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COS 127-2
Modeling and analysis of a density-dependent structured population model for American chestnut (*Castanea dentata*)

*Castanea dentata*)

**Background/Question/Methods**

** **Density-dependent regulatory factors impact the dynamics of many populations. Population modelers often times only consider one density-dependent factor when constructing structured population models, and these factors are often assumed to be either monotonically increasing or monotonically decreasing functions of some measure of population abundance. However, in perennial plant populations it is possible that conspecifics from one life-history stage (e.g. seedlings) can elicit a different density-dependent feedback than conspecifics from another life-history stage (e.g. mature plants). Therefore, it is important to include all of the important density-dependent feedbacks when modeling population dynamics.

**Results/Conclusions **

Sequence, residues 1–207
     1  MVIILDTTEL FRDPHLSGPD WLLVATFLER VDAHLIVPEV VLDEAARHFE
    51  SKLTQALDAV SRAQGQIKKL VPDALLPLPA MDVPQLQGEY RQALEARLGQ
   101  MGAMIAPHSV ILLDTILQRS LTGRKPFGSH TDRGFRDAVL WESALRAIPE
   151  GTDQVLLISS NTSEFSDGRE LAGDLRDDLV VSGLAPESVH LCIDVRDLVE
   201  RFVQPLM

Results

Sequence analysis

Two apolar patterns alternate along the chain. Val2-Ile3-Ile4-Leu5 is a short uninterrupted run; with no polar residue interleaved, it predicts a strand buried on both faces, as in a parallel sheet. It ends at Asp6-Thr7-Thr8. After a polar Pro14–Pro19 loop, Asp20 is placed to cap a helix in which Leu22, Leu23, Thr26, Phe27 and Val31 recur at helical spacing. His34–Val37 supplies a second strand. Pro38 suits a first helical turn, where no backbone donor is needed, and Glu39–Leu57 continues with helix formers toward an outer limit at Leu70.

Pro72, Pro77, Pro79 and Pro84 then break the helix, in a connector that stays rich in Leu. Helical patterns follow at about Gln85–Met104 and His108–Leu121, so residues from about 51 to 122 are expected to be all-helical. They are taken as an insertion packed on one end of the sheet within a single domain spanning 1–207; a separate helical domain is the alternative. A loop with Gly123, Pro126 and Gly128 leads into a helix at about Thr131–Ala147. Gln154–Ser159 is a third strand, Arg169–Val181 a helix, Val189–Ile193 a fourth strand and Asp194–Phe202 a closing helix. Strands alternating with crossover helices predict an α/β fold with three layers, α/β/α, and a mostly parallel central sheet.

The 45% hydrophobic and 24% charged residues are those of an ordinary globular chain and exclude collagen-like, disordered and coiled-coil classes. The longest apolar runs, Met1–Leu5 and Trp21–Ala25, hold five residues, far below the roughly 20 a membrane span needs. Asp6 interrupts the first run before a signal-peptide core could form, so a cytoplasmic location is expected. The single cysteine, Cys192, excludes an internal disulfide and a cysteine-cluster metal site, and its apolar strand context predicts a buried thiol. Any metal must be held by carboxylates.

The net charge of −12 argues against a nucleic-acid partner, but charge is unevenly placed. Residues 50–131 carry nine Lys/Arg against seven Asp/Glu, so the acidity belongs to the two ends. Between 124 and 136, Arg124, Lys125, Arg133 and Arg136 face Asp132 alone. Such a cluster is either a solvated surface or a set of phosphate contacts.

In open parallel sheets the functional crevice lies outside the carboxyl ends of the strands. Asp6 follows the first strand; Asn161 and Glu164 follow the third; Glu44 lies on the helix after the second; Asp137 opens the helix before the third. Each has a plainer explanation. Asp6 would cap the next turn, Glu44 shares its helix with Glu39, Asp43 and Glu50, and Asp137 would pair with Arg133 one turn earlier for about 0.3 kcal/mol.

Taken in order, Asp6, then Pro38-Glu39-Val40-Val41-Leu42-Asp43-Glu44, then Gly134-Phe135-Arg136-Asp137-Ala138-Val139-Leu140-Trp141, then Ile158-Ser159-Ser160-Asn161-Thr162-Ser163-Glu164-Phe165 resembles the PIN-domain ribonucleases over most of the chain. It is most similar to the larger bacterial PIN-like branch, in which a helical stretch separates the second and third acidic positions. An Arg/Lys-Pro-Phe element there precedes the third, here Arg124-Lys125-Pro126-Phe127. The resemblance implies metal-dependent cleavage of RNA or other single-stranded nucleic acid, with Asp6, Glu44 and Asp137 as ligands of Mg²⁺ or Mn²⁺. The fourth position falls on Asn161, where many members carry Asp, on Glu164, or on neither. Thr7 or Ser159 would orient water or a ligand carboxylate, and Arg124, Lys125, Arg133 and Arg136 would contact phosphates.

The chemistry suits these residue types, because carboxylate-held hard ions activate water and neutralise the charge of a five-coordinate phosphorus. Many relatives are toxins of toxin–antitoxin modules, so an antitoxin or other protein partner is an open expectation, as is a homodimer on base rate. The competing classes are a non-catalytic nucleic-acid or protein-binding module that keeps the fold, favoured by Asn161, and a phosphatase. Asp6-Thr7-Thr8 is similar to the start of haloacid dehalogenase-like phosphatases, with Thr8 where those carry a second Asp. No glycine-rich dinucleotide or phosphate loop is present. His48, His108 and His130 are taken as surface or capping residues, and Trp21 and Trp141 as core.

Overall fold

We developed a density-dependent matrix model for the American chestnut (*Castanea dentata*), where seedling recruitment is subject to density-dependent feedback from adult conspecifics as well as other seedlings. The former exhibits a decreasing relationship with population abundance while the latter an increasing relationship with population abundance. Using methods from systems and control theory we show that, for much of parameter space, there is a unique, globally asymptotically stable equilibrium population vector that is independent of initial population vector. We derive a formula for this equilibrium population and show how sensitive the equilibrium size of each life-history stage of the population is to changes in population data (for example, we show how the equilibrium population changes when the population goes from healthy to diseased). We further show how our results can be extended to integral projection models (IPMs) and explore how the addition of stochasticity impacts model predictions.